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Assistance Requested: Carnegie Library Theft

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Groundbreaking Swedish Underground Exhibition at the Brooklyn Antiquarian Book Fair, Sept. 8-9

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Early Details on the 42nd Boston International Antiquarian Book Fair, Nov. 16-18

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Christie's Presents the Diann G. and Thomas A. Mann Collection of Photographic Masterworks

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Dayton Literary Peace Prize Announces 2018 Finalists

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Poster Auctions International, Inc. Unveils New Poster Price Guide

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Celebrating Frankenstein's 200th Anniversary at the Brooklyn Antiquarian Book Fair

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Frazetta's "Escape on Venus" Leads Heritage Auctions' Comics & Comic Art Auction

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Gently Mad

Nick’s Picks for the Holidays

Till I End My Song: A Gathering of Last Poems
edited by Harold Bloom
published by Harper
hardcover, 377 pages. $24.95
To suggest that this remarkable selection of poetic works is the literary equivalent of “famous last words” would be misleading, since they are not necessarily the final thoughts penned by such notables as William Shakespeare, John Keats, Ralph Waldo Emerson, Emily Dickinson, Herman Melville, Elizabeth Bishop, or Dylan Thomas, but the sentiments the eminent critic Harold Bloom believes they intended to stand as the “imaginative conclusion to a poetic career.” It is the kind of concept that only someone of Bloom’s intellectual stature could hope to attempt, and he pulls it off brilliantly, his comments on each of the one hundred choices as appealing as the poems themselves. “Knowledge, not pathos, is my purpose in gathering this anthology,” Bloom writes. “Lastness is a part of knowing.”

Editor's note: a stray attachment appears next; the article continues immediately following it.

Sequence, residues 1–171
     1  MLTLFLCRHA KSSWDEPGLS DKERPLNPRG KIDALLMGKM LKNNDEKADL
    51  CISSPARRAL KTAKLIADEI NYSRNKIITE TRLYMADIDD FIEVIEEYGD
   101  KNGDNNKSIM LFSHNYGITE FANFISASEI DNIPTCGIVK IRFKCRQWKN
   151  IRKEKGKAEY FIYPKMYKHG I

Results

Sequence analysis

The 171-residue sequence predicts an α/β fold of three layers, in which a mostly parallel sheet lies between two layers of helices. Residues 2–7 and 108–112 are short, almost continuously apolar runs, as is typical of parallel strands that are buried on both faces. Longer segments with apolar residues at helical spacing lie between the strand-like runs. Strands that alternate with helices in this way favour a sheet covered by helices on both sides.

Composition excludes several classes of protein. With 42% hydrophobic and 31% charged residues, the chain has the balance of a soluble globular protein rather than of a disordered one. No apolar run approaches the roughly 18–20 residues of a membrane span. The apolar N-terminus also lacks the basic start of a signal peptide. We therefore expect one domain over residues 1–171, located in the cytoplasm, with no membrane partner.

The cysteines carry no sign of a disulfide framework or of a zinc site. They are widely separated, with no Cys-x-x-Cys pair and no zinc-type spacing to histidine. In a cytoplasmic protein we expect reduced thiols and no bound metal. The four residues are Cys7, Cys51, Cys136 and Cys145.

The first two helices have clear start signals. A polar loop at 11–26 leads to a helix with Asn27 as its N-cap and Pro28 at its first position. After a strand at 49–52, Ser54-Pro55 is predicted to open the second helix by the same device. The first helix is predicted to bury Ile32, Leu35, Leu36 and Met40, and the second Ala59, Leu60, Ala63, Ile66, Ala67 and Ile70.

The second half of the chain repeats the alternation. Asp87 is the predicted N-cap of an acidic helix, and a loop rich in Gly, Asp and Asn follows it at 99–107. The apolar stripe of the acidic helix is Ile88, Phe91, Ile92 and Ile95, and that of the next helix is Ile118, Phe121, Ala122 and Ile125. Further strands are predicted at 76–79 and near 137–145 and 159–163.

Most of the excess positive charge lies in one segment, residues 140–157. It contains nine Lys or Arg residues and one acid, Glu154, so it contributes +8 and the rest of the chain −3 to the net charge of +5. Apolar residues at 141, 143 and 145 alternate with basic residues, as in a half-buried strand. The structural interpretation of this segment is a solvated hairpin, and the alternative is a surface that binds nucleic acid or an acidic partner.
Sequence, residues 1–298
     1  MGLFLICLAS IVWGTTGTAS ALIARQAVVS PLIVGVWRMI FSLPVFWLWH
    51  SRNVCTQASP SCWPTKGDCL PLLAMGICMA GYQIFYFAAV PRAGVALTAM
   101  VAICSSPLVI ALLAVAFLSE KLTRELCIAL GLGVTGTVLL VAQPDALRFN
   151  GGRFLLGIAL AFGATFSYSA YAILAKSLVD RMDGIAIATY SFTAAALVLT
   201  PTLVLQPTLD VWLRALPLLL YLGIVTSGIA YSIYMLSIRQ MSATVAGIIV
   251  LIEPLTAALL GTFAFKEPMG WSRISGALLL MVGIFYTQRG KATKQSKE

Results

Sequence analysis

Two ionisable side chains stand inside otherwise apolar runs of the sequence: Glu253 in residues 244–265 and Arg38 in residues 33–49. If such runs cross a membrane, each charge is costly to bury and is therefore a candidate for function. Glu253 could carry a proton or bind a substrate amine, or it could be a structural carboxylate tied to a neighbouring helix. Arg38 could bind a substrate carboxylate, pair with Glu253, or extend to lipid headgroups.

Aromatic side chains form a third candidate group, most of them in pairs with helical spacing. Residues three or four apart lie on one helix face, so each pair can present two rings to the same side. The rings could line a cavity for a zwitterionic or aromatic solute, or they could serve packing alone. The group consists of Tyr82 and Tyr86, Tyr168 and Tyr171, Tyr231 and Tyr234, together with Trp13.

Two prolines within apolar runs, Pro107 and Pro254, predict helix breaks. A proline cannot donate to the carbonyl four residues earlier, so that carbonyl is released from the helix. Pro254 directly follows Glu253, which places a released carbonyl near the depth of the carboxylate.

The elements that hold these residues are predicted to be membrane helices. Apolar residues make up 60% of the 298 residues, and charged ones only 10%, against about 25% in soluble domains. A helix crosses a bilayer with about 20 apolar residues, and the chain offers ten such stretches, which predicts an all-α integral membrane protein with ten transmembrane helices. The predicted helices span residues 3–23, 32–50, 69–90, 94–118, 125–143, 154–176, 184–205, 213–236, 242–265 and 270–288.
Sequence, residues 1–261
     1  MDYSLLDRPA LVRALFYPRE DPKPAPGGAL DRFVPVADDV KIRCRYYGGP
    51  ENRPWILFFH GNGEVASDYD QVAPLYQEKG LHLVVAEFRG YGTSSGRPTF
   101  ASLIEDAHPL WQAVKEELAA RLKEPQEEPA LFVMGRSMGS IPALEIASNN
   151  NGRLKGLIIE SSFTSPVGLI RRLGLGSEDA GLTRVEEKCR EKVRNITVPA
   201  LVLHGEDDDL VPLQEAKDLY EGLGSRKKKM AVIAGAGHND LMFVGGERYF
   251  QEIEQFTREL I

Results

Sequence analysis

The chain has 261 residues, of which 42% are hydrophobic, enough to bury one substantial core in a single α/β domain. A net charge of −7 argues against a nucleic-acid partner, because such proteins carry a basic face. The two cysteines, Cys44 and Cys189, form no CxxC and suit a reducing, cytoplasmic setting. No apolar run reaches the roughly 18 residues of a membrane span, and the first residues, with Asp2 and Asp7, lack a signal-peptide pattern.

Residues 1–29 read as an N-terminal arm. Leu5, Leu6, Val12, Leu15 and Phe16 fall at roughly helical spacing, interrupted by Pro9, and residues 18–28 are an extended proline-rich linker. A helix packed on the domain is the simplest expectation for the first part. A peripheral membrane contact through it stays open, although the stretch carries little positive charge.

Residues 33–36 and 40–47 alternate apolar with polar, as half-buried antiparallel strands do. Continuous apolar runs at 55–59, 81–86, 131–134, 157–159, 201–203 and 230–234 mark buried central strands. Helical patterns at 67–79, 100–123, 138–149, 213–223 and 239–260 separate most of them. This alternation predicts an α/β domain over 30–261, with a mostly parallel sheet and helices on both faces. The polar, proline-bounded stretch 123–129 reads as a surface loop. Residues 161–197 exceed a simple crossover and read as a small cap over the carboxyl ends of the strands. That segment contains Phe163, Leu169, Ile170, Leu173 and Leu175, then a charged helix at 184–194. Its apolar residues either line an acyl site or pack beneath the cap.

Showtime: A History of the Broadway Musical
by Larry Stempel
published by W. W. Norton
hardcover, 826 pages. $39.95
This exhaustive history of the Broadway musical embraces a colorful heritage that has its roots in the years leading up to the Civil War, and reached full flower a century later with such iconic productions as Oklahoma, Show Boat, and West Side Story. A professor of music at Fordham University—and a one-time songwriter himself—Stempel has pored through mountains of archival documents to produce a much-needed examination of a distinctively American art form. All the important names and productions are here, in full context, along with many marvelous illustrations, making for a most bountiful book.
Compass and Rule: Architecture as Mathematical Practice in England, 1570-1750
by Anthony Gerbine & Stephen Johnston
published by Yale University Press
hardcover, 208 pages. $65
The somewhat intimidating title notwithstanding, this is an accessibly written scholarly work that has the added advantage of being agreeable to behold. Issued to accompany an exhibition at the Yale Center for British Art, the book focus primarily on the work of Sir Christopher Wren and Inigo Jones, principal figures in the Renaissance culture that emerged in England during the sixteenth century, and demonstrates how the idea of architecture as an artistic exercise began to take shape, with particular emphasis on the role played by the mathematical arts and sciences.
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